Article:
Do these bars make me look fat?
I like Amnesty International. I really do. Part of it is probably related to the fact that it was the first human rights org I ever heard of. I was still a child growing up in the Argentinian dictatorship (the same one that cost the lives of an estimated 30,000 people) and I often heard of Amnesty mentioned in either hush conversations among adults or as an organization of “bad people” who wanted to destroy the country’s reputation. When I was old enough to understand what had happened, I also learned to love Amnesty. I do see how problematic and corporate Amnesty can be nowadays. I even got in a bit of an unfriendly exchange with a manager at my local chapter a few weeks ago, which I documented extensively in a blog post.
Still, I contend that they are, in general, a force for good. So today I saw in my Twitter timeline a URL for their Freedom for Burma campaign. I clicked. I saw. I laughed. In this campaign people are invited to photoshop themselves into a picture behind bars, as if the person was in jail. The site says that, by the time I am writing this, there have been more than 65,000 “actions” taken. It is unclear what exactly an “action” is by reading the site, though. In the “How does my photo help” section of the site, it states:
When you add your photo we will translate and send nine emails from you to the governments of nine of Burma’s closest neighbours demanding they support the three freedoms for the people of Burma: freedom of expression, peaceful assembly and association.
So what are you waiting for?
So, I am going to assume that each email counts as an “action”, which means that roughly 7300 people have uploaded a photo of themselves photoshopped behind bars. In other words, social activism for the Facebook era. Also, social activism that has no effect further than making the person who created the photoshopped depiction feel good about themselves. I am old enough to remember (and have actively participated) in protests in front of public buildings. Embassies, ministries, the legendary Plaza de Mayo in Buenos Aires, the streets of Rotterdam or Amsterdam, etc. You know the effect that such protests have? They cannot be ignored. The people you are protesting against are forced to look at those who oppose them. A hand written sign expressing disapproval, held in a public space confronts the oppressor with their actions. It also forces those who are complicit through their silence to face the consequences of their inaction. A photo uploaded in Amnesty’s site, as well intentioned as it might be requires that those in the Burmese government actually click on the link, go to look at the faces of their opponents and then click on “next” to see the next person. How many times do you think that has happened so far? None? Yeah, I thought so.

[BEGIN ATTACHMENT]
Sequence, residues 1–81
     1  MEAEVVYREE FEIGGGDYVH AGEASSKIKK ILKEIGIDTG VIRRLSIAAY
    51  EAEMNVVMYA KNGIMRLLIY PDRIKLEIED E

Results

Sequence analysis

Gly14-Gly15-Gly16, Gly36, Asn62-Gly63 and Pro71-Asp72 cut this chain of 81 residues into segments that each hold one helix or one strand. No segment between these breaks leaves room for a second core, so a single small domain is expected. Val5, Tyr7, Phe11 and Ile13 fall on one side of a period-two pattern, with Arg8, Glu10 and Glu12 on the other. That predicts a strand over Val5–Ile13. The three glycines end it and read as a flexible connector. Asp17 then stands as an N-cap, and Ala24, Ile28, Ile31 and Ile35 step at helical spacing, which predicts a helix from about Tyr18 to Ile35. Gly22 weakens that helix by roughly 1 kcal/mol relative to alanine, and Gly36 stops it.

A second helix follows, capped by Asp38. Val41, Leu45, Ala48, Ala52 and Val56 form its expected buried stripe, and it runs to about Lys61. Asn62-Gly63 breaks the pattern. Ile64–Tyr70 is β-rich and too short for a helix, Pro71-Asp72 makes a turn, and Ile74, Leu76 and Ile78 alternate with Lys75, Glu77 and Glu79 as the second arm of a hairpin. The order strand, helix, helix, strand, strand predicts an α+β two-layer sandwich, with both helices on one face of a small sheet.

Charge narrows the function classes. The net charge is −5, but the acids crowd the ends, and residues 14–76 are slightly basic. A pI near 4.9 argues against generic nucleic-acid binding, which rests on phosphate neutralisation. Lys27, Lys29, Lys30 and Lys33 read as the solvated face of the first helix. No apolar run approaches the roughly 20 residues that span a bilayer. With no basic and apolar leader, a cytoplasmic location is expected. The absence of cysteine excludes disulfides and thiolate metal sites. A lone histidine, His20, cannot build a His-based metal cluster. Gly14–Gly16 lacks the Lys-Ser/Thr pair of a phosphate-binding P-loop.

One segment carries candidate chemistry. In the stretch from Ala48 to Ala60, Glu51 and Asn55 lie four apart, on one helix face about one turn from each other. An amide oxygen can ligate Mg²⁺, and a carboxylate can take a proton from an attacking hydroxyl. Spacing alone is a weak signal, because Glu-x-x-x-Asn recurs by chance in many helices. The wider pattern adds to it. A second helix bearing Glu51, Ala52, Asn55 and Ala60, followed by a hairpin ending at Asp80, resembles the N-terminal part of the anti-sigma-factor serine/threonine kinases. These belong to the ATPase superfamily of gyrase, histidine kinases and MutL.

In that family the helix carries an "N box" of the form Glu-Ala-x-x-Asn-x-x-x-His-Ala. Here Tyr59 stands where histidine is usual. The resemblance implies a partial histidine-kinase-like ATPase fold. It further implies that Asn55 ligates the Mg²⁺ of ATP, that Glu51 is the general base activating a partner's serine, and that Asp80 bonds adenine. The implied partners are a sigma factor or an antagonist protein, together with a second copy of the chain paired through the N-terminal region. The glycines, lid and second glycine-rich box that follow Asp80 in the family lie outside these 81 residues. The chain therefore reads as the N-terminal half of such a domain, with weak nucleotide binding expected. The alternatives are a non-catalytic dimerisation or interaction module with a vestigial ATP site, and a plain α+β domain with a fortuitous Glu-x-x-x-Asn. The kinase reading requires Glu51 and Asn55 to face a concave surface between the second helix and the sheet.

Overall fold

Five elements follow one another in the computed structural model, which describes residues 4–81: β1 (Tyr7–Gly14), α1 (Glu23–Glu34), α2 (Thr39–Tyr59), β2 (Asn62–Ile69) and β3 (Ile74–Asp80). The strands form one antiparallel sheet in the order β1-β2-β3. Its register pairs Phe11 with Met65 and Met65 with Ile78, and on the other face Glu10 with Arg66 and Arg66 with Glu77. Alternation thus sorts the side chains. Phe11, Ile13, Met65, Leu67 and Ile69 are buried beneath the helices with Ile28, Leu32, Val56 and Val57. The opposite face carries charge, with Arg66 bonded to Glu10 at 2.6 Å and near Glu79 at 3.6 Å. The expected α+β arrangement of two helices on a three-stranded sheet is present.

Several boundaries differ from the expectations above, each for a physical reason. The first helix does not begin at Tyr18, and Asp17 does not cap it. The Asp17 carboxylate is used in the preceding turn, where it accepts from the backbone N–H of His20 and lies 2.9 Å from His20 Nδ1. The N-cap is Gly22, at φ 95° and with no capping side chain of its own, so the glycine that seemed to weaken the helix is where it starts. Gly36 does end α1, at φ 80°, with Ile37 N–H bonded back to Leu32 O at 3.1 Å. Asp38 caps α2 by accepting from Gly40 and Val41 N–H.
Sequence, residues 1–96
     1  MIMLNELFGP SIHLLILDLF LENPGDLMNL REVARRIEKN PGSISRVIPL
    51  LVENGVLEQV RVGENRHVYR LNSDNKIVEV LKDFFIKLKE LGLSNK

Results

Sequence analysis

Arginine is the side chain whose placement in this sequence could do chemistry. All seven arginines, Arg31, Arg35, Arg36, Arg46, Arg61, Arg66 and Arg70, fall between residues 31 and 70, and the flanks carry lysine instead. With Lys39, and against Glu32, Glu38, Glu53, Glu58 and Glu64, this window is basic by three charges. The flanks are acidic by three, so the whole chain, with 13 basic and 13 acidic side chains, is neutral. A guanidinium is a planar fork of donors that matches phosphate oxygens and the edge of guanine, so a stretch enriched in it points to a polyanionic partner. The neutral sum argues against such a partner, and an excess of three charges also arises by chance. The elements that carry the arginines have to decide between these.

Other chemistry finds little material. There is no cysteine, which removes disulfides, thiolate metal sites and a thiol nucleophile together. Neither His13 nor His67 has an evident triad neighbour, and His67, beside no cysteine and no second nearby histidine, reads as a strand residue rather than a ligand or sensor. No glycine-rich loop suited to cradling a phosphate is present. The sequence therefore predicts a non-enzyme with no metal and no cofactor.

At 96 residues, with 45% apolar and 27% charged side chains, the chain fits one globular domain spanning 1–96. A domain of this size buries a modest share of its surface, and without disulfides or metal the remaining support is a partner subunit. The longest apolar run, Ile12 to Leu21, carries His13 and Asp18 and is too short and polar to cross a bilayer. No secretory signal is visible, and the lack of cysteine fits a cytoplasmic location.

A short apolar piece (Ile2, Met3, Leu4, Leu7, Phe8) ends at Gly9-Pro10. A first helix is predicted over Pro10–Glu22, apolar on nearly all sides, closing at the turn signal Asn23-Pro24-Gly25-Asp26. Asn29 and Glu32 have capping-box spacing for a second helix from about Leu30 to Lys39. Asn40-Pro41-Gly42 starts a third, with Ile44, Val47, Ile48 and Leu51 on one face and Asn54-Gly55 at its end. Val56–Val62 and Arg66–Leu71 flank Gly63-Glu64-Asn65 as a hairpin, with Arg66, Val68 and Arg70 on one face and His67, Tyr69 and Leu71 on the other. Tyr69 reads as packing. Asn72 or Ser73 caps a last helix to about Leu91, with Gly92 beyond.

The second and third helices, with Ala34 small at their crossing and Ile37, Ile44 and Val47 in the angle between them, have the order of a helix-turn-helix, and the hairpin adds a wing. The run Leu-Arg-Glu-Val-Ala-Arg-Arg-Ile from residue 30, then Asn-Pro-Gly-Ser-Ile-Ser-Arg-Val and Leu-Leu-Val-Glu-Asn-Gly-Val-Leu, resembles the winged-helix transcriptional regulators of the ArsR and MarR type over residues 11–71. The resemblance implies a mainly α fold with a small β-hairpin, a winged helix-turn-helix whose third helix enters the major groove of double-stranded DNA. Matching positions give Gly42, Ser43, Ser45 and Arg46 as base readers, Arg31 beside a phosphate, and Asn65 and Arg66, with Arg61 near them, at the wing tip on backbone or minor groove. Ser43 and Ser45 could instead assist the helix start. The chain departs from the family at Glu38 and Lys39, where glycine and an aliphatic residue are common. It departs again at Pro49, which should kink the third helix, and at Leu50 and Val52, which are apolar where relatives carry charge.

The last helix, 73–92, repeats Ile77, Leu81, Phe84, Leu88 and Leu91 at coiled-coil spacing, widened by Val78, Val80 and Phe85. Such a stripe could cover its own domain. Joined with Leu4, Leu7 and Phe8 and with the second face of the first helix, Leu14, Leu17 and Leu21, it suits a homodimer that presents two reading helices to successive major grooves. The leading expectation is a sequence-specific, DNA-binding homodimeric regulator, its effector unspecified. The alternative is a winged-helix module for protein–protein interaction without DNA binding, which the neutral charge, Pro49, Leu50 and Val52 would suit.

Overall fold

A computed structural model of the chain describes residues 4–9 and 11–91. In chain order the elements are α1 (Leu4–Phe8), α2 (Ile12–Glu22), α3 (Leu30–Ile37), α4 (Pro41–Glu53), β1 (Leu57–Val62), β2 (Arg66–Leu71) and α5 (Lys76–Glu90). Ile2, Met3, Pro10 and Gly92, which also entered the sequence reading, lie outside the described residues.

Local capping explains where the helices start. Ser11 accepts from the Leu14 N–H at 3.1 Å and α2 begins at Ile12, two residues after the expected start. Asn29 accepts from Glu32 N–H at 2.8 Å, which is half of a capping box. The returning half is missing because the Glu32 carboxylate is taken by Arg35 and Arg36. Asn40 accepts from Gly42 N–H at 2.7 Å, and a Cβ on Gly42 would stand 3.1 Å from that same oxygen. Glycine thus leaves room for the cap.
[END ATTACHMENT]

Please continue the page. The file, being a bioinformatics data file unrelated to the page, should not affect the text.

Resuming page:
Now, I am in the unattainable position of having to consider the French revolution if it had happened in the times of Facebook.
Marie Antoinette uploads a photo of herself with a LOLCat caption saying “Let them eat cake”. A couple of thousand people click on “Like”. Then immediately, someone starts a fanpage called “Off with Marie Antoinette’s head”. A few million people join in. Quickly a series of photos of Marie Antoinette’s head photoshopped over the body of Admiral Ackbar are uploaded with the inevitable “IT’S A TRAP” caption. More people click on “Like” and soon everyone diverts their attention to a newly formed page called “Babes of Versailles” and a storm of bikini clad photos of Olympe de Gouges and Madame Roland are posted in quick succession.
In the meantime, Marie Antoinette continues ordering her cream cheese frosted cupcakes.
So, go ahead, make a photo of yourself photoshopped behind bars. Only this time, think of Admiral Ackbar because “IT’S A TRAP”.
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